Characters, Alter Egos, Or Unknowable Nameless Gods?
When someone asks me what I write about, I usually say something like, I have a couple characters I write about and then nothing more. At least, that’s how I answer if I want to sound like a not-crazy person. But if I want to be truthful, I have to say something more like:
I thought I had three characters I wrote about, but it turns out two of them are probably incredibly ancient gods (or ghosts? or angels? or something even older than the very concept of either?) and the other one is an alter ego who has somehow taken on way more agency than I thought possible and may sometimes be used as a mask by dark somethings I am too afraid to face.
Let’s take a closer look at that second one. See, when I was a wee eighth grader I simultaneously discovered Lord of the Rings and DeviantArt. Being obsessed with elves, I made my DA screenname “Darkelvenmage” and quickly developed the moniker into a character who was everything I wanted to be. The Darkelvenmage was tall and willowy, pale as snow with long hair as dark as ravens’ wings, eyes as green as emeralds, and sharp features that highlighted her royalty and mystery. She wore all black and rarely spoke, but heaven help you if you pissed her off; she was heir to ancient magic, a skilled warrior, and had nothing to lose. She had been stripped of her home and her name (hence the brilliant title “dark elven mage”) and therefore wandered the world alone, neither a force of good nor evil. For my chubby, geeky thirteen year old self, Mage became a mask I could put on when I needed to feel like a badass, an alter ego who was always calm and logical, who never let her emotions get the better of her or made a fool of herself. I carried her with me through high school like a sword held between myself and all the bad things I encountered, standing just a little taller and smiling just a little more coldly. She made me feel fierce and untouchable.
In college I had a falling out with a group of online friends I’d made in high school, friends who knew me best through Mage and the story I’d given her to fit into their fantasy world. Feeling hurt and vengeful, I decided to rebel and Mage became the ally turned enemy intent on destroying the world the “good guys” had built. I loved the shock it caused, the drama, and the sudden understanding that nothing bound me to act in a particular way. Why not be the villain? Wasn’t that more fun anyway? Certainly playing Mage as the Big Bad brought me a selfish kind of joy, a way to enact a little revenge for my slighted self. Eventually, of course, some of those friends and I parted ways for good, and others of us reconciled and grew closer. But Mage stayed the villain, one with flair, dark humor, and just a dash of madness. This version of her is different from the silent, haughty one of my high school years, yet they are both true to her form. She is still my alter ego, my champion, the mask I wear on days when I wake up feeling too small and scared.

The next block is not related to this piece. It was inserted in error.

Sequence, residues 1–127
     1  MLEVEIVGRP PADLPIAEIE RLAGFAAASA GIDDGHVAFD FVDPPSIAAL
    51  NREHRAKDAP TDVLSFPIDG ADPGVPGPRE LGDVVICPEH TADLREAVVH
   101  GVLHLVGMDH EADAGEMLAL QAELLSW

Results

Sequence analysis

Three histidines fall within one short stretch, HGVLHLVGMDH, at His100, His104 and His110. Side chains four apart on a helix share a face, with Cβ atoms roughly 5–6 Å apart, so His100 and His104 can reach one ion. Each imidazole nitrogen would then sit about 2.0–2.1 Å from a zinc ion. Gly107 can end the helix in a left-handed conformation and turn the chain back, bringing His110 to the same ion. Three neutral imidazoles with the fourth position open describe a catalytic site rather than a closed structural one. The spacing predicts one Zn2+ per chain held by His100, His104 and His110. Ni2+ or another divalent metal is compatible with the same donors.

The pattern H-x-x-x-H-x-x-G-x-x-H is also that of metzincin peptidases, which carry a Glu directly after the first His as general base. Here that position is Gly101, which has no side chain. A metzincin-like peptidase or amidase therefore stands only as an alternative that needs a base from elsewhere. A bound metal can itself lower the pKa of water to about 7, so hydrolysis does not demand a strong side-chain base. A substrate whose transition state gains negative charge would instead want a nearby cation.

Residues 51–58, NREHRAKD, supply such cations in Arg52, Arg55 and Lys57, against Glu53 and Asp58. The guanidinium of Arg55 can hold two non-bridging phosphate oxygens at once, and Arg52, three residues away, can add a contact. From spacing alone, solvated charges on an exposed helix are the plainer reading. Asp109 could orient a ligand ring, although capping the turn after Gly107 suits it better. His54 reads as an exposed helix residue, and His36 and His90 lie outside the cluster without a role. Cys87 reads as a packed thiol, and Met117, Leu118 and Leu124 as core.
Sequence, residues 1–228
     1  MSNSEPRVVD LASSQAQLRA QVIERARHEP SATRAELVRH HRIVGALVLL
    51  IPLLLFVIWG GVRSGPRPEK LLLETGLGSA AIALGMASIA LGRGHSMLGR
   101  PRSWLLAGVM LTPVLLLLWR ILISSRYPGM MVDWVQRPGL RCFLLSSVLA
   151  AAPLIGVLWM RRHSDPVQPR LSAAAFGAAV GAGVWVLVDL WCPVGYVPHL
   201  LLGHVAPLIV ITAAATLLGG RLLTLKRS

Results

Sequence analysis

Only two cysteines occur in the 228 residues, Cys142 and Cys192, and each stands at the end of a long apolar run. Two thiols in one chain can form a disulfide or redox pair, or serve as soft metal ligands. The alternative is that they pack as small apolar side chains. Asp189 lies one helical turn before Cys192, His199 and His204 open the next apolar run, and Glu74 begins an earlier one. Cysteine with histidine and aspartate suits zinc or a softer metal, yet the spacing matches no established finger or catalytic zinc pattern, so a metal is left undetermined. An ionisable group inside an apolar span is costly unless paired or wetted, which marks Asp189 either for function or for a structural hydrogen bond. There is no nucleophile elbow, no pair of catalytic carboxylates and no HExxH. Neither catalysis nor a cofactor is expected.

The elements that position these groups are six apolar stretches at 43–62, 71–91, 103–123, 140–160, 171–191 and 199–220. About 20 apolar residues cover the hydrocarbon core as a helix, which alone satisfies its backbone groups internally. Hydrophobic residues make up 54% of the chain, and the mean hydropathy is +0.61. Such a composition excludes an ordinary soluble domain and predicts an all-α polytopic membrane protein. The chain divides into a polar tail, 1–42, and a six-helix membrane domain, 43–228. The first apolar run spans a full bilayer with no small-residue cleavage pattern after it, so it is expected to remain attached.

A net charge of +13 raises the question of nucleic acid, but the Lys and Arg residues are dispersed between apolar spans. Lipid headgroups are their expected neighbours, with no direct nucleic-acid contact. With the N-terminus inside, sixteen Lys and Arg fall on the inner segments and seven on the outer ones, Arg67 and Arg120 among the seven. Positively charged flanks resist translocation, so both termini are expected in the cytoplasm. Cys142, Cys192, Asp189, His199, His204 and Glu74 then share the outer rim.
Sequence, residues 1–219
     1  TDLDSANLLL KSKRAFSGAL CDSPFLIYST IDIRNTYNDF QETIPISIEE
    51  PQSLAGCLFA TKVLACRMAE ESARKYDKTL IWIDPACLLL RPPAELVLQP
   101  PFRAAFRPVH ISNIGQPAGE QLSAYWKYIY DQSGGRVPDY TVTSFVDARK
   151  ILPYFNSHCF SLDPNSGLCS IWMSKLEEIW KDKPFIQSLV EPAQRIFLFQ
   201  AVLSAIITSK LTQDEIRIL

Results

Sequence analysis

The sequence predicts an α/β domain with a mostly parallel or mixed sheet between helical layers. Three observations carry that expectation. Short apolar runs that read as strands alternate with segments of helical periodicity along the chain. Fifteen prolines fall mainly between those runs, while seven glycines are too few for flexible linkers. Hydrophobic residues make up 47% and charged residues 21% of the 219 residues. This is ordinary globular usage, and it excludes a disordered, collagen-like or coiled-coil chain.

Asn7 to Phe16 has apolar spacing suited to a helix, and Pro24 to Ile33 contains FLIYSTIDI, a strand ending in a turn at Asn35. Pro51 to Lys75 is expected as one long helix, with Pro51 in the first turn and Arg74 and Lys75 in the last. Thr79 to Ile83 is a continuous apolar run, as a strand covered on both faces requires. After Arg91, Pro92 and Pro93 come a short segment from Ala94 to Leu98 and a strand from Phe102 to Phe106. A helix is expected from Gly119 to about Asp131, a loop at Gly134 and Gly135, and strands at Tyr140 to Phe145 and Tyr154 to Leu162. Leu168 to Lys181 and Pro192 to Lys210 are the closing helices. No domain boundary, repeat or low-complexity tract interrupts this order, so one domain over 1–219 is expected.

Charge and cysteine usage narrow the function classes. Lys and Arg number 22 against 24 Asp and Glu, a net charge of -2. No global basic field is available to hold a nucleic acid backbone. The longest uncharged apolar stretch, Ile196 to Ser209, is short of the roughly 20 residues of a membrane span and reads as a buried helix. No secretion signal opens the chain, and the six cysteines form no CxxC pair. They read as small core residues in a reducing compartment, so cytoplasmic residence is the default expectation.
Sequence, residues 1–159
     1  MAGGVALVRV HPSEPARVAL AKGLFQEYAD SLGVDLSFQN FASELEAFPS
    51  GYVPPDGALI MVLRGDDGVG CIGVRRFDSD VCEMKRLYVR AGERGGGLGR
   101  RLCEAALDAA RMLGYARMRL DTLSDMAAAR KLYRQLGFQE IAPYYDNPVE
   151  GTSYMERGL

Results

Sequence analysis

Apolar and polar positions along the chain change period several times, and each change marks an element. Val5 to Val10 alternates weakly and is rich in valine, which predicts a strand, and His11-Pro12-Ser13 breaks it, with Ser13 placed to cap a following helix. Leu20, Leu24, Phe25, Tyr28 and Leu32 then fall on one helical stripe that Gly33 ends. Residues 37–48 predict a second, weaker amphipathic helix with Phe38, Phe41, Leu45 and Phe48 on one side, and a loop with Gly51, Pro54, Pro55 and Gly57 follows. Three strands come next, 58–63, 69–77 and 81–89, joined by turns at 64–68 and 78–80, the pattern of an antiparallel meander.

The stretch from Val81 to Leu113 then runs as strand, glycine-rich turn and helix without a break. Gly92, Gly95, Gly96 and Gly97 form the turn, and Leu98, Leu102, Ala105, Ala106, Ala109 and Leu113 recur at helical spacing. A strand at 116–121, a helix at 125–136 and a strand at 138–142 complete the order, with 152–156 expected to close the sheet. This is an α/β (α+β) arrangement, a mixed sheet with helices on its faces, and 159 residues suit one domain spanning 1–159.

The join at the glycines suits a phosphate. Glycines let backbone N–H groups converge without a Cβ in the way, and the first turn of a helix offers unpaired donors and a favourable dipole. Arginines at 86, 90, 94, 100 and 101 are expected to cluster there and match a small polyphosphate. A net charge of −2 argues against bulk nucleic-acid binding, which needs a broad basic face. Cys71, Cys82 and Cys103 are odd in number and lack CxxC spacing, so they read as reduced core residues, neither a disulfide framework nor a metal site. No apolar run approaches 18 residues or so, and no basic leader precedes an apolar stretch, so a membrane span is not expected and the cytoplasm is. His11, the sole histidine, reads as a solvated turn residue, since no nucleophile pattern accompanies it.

Sometimes, though, it’s like I look at Mage in my mind’s eye and… it’s not her. Something else watches out her eyes. Something that is not me, nor anything I placed there. Sometimes she feels like I’m not the one in control, like she’s not an alter anything anymore. I feel Lovecraftian presences squirming beneath her skin and taste sour names like Charybdis, Morrigan, Kali at the back of my mouth. I wonder sometimes if I have crafted Mage too well, if I am not the only one who can wear her mask. She is still a character in the strictest sense – I write her story, she does not tell me what to write (as Tanim and Daren do) – but there are times when I meet her eyes and it’s not the better, cooler version of myself staring back. I don’t know what it is, but it feels timeless and very powerful.